distinction between "formating" and "applying a style". We could for
example group styles together with the basic formating buttons in the
formating toolbar, and present them in a similar way, were the effect
of applying the style is illustrated visually (yes, this is some kind
of formating palette). Thus, we should ease the third step. To ease
the second step, the palette should also contains all possible
formating, including those that are actually only possible via the
style edition dialogs.
The second issue is a wrong conceptual model (actually, there are
many of them depending on the step), which seems to originate in the
fact that formating is perceived as changing the properties of the
selected text, while it actually change the properties of the style
applied to that text.
So, I think we should certainly highlight the fact that every
formating action acts on a style, not directly on the text. One way
of doing this is to have a representation of the definition of the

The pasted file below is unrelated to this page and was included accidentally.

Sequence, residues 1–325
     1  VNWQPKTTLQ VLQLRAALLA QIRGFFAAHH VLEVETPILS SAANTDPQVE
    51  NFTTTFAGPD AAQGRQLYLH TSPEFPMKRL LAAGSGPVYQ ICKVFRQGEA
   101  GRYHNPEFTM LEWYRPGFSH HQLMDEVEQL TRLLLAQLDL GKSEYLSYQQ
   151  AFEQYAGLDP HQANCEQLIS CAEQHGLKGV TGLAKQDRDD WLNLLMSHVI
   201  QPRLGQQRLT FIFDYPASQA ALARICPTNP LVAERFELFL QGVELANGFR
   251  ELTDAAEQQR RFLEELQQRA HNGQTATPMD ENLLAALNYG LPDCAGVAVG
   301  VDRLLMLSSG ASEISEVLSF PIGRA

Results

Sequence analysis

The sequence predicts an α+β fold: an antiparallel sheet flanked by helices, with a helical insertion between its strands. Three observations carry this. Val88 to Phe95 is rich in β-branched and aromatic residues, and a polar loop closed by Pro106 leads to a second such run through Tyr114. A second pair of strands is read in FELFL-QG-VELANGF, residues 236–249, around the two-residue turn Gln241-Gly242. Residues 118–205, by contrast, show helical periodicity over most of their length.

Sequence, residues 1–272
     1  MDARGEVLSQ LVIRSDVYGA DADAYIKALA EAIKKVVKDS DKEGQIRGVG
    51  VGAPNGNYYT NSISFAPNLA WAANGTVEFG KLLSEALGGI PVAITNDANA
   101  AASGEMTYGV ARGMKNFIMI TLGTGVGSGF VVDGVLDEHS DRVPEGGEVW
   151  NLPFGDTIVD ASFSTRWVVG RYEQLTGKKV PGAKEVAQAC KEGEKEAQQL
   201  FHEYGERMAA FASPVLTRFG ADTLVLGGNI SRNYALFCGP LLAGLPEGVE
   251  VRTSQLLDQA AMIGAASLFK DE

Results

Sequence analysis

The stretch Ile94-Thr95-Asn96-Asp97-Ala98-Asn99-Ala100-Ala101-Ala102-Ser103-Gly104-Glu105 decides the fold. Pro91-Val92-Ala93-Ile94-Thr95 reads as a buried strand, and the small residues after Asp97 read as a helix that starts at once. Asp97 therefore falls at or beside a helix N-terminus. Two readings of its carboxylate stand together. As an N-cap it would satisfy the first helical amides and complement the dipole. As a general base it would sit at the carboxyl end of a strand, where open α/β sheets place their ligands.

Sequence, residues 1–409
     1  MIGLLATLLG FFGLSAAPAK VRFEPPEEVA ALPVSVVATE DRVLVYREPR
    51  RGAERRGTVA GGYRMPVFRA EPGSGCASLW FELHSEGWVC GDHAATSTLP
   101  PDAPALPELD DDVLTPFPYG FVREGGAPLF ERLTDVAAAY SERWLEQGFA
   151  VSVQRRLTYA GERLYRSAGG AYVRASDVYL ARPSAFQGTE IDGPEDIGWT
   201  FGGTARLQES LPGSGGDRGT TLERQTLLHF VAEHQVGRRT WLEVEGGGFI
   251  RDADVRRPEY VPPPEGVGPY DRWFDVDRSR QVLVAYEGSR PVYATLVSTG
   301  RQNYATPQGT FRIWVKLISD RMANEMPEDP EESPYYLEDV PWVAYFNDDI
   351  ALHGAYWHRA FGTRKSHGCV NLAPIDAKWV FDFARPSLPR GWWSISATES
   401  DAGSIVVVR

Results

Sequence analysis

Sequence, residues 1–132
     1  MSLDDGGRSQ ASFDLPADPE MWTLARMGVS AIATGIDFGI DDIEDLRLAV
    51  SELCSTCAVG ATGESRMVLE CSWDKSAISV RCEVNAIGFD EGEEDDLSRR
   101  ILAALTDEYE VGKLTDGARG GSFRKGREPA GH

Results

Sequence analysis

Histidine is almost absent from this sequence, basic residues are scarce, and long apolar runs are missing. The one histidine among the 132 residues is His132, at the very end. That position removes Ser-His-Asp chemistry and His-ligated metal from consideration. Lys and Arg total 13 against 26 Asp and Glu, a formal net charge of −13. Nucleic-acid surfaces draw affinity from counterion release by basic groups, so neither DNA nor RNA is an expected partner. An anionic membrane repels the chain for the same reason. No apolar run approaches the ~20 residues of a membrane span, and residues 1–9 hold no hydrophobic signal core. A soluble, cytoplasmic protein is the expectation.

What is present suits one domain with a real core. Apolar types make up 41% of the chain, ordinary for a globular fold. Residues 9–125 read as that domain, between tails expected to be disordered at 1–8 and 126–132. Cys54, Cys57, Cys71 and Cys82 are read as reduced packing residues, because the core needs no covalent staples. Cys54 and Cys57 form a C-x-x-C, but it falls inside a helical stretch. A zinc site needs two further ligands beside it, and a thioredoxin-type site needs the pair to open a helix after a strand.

style applied to the text under the cursor. Formating a text (such as
setting it in bold face) would then have an effect not only on the
visual appearance of the text, but also as a modification of the
To make it more efficient, we should also highlight the fact that
styles are manipulable objects, and I think that reification is a
good way to do it. I we have both a formating palette and a current
style definition, it should be possible to drag styles from each
other, allowing to store the actually applied style in the palette
for latter reuse, or allowing to replace the currently applied style
with another one in the palette.
Of course, it may sound (and be) more complex, so we first have to
check if my concerns are valid, and then if the solution that I
presented effectively reduce it without bringing new issues.
To unsubscribe, e-mail: [hidden email]
For additional commands, e-mail: [hidden email]
|Free forum by Nabble||Edit this page|